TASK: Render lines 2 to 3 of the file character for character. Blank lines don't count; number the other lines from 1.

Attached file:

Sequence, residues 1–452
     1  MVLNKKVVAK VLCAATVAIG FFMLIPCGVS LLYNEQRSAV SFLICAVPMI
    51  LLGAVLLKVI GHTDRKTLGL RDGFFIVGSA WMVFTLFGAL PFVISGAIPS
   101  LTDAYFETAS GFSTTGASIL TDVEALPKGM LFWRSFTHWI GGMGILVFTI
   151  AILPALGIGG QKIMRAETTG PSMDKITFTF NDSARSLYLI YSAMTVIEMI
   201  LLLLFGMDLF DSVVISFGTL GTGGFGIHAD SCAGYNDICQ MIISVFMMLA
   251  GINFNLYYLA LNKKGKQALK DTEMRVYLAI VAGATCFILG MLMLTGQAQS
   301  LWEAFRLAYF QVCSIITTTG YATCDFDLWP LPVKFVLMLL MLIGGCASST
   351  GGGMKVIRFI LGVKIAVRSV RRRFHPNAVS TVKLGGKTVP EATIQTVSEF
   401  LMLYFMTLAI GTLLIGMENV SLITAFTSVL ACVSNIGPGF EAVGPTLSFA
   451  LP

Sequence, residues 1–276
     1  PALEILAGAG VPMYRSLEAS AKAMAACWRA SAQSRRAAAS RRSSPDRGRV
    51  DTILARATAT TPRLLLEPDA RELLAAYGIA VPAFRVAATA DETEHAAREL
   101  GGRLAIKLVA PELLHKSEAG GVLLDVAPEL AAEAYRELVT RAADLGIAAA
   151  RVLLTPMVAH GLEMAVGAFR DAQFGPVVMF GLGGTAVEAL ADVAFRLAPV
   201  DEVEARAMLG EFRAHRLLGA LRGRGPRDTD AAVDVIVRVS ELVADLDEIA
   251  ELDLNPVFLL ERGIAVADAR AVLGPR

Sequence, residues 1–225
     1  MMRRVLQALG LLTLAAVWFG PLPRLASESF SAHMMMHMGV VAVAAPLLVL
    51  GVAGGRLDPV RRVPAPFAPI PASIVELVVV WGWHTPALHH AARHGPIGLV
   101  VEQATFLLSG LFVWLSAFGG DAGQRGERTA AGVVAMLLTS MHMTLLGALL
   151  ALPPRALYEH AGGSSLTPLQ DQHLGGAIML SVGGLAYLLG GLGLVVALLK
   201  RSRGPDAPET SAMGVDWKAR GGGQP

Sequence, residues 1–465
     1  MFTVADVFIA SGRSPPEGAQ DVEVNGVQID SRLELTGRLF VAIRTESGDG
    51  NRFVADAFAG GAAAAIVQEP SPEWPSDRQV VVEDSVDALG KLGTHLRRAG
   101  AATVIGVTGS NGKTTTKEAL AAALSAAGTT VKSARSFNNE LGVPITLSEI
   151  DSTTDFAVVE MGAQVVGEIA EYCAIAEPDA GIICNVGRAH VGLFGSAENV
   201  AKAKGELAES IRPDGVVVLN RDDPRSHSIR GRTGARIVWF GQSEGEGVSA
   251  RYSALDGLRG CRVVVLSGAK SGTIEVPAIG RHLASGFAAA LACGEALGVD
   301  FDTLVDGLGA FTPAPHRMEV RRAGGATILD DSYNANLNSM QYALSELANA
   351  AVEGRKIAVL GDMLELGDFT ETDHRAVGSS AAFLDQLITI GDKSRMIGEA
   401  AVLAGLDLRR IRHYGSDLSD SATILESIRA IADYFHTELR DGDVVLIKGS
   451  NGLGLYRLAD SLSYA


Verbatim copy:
     1  MVLNKKVVAK VLCAATVAIG FFMLIPCGVS LLYNEQRSAV SFLICAVPMI
    51  LLGAVLLKVI GHTDRKTLGL RDGFFIVGSA WMVFTLFGAL PFVISGAIPS